Sean, the nutritional economist on the panel, liked Clay's metaphor but expressed concerns about how easy it would be for people to become infovegans. He also pointed out the difficulties of nutritional labeling and wondered if news might be even harder. Finally, Sean discussed the difficulties of change for consumers, producers, and the government alike.
It's hard to get rid of our indulgences. Other ways of meeting those desires sneak up on us. People often try to get rid of red meat, but when we try, we can accidentally double our sodium intake. Healthy food is part of a healthy diet, but we need to leave room for our indulgences. By stigmatising junk food, we can repress our love of pizza and cause cravings and binges. If someone tries to impose a diet on us, we tend to react against that. Sometimes we feel overly confident about our health and eat the nachos anyway.
Might going cold turkey on the Kardashians lead to strange obsessions, cravings, and binges?
To have a healthy diet, we need to know what's in our food. This is incredibly hard, even for something like soft drinks, which many governments now want to tax. Should we also tax diet sodas or juice drinks with only a small amount of juice? Is a bottled Frappuccino a soft drink? If we start adding nutrients, does something like Diet Coke with Bacon become acceptable?
If the quality of our media is a societal problem, should this be up to individuals or government? Sean pointed out that in the world of dietary policy, there's a lot of debate on the role of government, even as the public pressures governments to do more. We expect government intervention in cases of market failure (perhaps it's too costly to produce good media), the protection of children, and the belief that something is important for societal well-being. Is it really possible to solve the media diet problem with a grassroots infovegan movement? Or can government play a role?
Finally, Sean reminded us that overconsumption is only one problem. In the world of health, there's still a problem with "food insecurity," people's real hunger and fears of hunger. Sean encouraged us to ask if some people are under-consuming information, and how we can support them.
Labeling the Media With Data
To answer these questions, we need to get better data, Ethan Zuckerman argued. Otherwise, we'll spend all our time debating a metaphor. Ethan thinks the nutritional metaphor is a good one, made popular by Alisa Miller in her TED Talk on the how the news shapes the way we see the world. Alisa's talk shows a skewed map to illustrates how TV coverage can shape the public's awareness of the world. At the Center for Civic Media, we're developing tools to make it easier for individuals and media companies to track these things in realtime.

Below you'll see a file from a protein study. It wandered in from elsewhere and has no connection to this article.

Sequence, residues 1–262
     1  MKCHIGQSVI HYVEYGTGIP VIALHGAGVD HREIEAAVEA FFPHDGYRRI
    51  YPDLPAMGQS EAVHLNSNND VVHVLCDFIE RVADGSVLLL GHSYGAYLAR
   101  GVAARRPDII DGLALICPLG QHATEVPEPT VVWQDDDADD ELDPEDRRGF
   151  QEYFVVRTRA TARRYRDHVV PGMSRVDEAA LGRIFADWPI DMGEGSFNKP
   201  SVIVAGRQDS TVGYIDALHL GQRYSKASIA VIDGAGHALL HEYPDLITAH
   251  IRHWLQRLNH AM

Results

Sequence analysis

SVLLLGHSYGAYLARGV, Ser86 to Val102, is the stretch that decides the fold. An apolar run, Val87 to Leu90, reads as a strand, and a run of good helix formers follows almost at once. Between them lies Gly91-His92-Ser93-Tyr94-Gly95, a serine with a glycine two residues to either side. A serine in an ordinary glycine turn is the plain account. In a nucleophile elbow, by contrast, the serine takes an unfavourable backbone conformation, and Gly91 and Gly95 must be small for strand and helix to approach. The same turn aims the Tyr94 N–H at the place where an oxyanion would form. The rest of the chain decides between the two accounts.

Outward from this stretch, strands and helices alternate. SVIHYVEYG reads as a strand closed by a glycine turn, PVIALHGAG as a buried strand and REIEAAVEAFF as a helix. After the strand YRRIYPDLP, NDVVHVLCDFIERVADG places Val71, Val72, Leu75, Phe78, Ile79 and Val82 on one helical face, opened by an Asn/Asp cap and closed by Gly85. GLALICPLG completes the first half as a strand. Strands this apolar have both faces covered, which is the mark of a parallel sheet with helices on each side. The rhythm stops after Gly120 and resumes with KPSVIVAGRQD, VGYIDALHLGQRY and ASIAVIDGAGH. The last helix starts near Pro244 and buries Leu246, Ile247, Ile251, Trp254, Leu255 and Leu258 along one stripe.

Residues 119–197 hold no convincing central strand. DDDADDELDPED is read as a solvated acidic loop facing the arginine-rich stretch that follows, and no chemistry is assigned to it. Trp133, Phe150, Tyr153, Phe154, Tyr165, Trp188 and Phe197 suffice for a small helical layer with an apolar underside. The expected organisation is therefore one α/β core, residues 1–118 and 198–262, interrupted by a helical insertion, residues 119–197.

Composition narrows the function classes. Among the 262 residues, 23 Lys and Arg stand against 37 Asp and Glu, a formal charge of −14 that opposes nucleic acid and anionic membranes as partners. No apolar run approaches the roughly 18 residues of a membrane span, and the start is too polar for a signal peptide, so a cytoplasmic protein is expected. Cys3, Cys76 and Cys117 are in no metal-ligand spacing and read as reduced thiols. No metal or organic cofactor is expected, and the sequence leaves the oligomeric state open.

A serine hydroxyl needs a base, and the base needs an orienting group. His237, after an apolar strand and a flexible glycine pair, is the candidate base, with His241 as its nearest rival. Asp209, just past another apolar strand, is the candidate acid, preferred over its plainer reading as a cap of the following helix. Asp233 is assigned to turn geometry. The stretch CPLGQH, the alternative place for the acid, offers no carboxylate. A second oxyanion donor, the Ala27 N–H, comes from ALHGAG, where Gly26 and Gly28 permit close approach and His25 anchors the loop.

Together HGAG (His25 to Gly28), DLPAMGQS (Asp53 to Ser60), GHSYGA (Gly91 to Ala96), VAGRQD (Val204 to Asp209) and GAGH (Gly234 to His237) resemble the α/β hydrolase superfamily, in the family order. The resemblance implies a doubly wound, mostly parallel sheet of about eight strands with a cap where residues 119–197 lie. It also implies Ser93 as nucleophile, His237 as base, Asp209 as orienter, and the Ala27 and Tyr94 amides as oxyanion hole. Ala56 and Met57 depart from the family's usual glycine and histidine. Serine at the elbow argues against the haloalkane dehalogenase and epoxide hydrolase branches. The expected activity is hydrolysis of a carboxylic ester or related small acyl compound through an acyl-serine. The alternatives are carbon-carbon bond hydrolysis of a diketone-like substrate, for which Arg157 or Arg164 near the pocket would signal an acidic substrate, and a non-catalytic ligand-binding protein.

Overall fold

This is important because not everyone cares about the same things. Clay really cares about in-depth political journalism and escaping confirmation bias. Ethan really wants to know world news, and to be confident he's not missing anything. Other people want to surround themselves with news from their home country, or get away from their computer by listening to the radio.
Even if we accept Clay's media priorities, Ethan thinks infoveganism is where Clay's metaphor breaks down. Is the continuum from Congress to FOX news really the information pyramid? If Clay left the Sunlight Foundation because data wasn't persuading the public, can we really try to create a movement around reading the data? Ethan argued that journalism helps us by going through that raw data and adding context to it. Instead of stripping away value, don't media organisations add value by checking facts and adding context?
Clay disagreed. He said he has never seen a single article which links to a data source. When Ethan asked if he was being dismissive of journalism, Clay said that he found it more dismissive when journalists didn't link to their sources. Ethan said it was probably unrealistic to ask people to go to the raw data. Clay thinks we should be skeptical of journalists because they don't give us the whole story.
Ethan then asked Sean, "Why are we fat?" Should we blame ourselves or the system? Sean thinks we should blame technology, which has made consumption and production cheaper, while packaging it in a more concentrated fashion. It's far easier to buy prepackaged food than make it ourselves.
Who's Responsible For Change?
Clay thinks that if 2% of elite readers become infovegans and pay for their news, we can change what the media industry shows the other 98%. Sean disagreed. He argued that people will always go for the cheaper product. Ethan pointed out that the Economist, the New York Times, and now the Boston Globe all seem to be doing fairly well with paywalls.
Ethan asked if there were a way to construct independent public media with state subsidy, perhaps like the Japanese model or the BBC? Can't we solve this for everyone in a systemic way? Why should we blame ourselves? Clay disagreed, arguing that it's easier to change consumer behaviour than to create state supported media.
Perhaps we could put labels on our media, Ethan suggested. At this point, Sean listed the difficulties which the government has faced with nutritional labels. People don't like the government telling them what to do. Companies are hesitant to use labels which they think will hurt business. If companies are given flexibility with labeling, they tend to create misleading labels. And even when labels are mandated by government, as Canada has done with cigarette cartons, people will cover up the labels or choose some other harmful product. Despite this, Ethan hoped that quantitative labels on the news might help us call out companies for producing "large amounts of news-like product" and encourage them to change.